Home GRASP GRASP/Korea The ‘Final and Irreversible’ 2015 Japan-South Korea Comfort Women Deal Unravels

The ‘Final and Irreversible’ 2015 Japan-South Korea Comfort Women Deal Unravels


NewsHubRoughly one year and one week ago , the governments of Japan and South Korea came to an agreement over the issue of Japan’s wartime sexual slavery of Korean women — known euphemistically as the “comfort women.” Per the agreement, Japan apologized and agree to contribute 1 billion yen (approximately $8.3 million at the time) to set up a foundation under the South Korean government to support the living victims.
Though the governments of now-impeached South Korean President Park Geun-hye and Japanese Prime Minister Shinzo Abe thought the deal sufficient at the time to move the 50-year-old bilateral relationship past this decades-old dispute, public opinion was another matter. In Japan, conservatives on Abe’s right condemned the agreement as unnecessary given previous Japanese expressions of remorse and, more significantly, in South Korea, critics in the media and civil society described the deal as Park effectively selling out the dignity of survivors of wartime sexual slavery for short-term diplomatic and geopolitical gain. (A rising North Korean threat and mutual concerns over China were factors that led to the agreement becoming opportune in the first place.)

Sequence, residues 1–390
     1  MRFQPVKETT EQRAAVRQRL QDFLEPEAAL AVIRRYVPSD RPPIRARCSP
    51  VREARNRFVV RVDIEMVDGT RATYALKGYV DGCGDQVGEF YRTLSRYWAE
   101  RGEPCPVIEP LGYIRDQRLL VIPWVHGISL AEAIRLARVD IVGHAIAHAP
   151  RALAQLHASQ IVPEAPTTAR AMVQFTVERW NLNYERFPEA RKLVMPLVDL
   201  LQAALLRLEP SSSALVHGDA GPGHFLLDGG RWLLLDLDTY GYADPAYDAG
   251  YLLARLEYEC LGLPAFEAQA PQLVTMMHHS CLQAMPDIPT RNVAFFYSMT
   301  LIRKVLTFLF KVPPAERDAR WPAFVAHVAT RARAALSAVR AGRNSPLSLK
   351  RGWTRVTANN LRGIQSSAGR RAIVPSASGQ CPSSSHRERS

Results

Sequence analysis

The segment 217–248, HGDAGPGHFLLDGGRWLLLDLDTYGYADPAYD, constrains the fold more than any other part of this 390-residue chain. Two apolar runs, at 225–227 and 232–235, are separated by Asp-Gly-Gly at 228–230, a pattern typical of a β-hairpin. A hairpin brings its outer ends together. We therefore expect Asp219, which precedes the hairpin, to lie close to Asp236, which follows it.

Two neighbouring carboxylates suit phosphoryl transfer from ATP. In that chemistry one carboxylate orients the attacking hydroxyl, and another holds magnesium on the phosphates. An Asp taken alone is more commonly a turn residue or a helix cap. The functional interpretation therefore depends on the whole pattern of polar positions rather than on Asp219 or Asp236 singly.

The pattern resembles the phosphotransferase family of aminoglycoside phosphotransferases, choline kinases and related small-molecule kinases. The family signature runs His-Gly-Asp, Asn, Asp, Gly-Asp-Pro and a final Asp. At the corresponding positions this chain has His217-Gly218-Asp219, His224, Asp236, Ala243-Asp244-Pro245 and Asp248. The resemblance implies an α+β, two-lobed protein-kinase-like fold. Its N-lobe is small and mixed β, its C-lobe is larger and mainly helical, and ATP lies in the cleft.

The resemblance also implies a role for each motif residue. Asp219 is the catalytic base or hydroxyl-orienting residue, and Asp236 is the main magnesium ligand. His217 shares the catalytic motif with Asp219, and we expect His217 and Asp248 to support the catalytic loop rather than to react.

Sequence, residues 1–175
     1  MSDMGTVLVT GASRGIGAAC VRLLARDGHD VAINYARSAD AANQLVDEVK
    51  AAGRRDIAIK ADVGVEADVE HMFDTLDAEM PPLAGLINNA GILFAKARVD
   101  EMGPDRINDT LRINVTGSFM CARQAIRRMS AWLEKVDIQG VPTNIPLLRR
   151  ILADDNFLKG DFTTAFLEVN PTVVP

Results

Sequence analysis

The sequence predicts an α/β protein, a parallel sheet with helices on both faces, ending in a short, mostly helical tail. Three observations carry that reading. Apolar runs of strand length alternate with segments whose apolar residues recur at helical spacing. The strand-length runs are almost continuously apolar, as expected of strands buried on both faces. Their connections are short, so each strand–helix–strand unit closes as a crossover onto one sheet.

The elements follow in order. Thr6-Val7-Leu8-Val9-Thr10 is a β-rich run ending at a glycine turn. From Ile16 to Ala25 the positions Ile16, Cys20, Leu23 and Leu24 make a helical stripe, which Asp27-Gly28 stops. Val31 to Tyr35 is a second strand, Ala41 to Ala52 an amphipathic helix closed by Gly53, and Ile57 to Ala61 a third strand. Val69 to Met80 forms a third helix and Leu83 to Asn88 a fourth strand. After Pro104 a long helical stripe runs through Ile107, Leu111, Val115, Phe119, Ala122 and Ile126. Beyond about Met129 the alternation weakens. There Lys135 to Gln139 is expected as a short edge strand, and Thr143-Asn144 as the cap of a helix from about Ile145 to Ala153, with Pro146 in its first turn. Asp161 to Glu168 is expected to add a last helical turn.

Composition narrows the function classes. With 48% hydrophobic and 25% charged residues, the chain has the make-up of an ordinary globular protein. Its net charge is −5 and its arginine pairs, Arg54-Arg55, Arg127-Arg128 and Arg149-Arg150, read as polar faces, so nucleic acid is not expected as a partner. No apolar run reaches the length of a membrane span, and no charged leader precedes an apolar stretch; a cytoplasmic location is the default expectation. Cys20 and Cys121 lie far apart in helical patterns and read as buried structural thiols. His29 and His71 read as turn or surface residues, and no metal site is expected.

This week showed that the premature conclusion of an agreement on the issue without public support, especially in South Korea, may doom the 2015 “comfort women” deal to unravel. On Friday, Tokyo recalled its ambassador to South Korea, Yasumasa Nagamine, in protest of a statue commemorating the “comfort women” outside the Japanese Consulate in Busan. Yasuhiro Morimoto, the consul general in Busan, was also recalled “temporarily,” according to a spokesperson for Japan’s Ministry of Foreign Affairs. Japan had recalled its envoy to South Korea in 2012 when then-South Korean President Lee Myung-bak visited the disputed Dokdo/Takeshima islets in the Sea of Japan.

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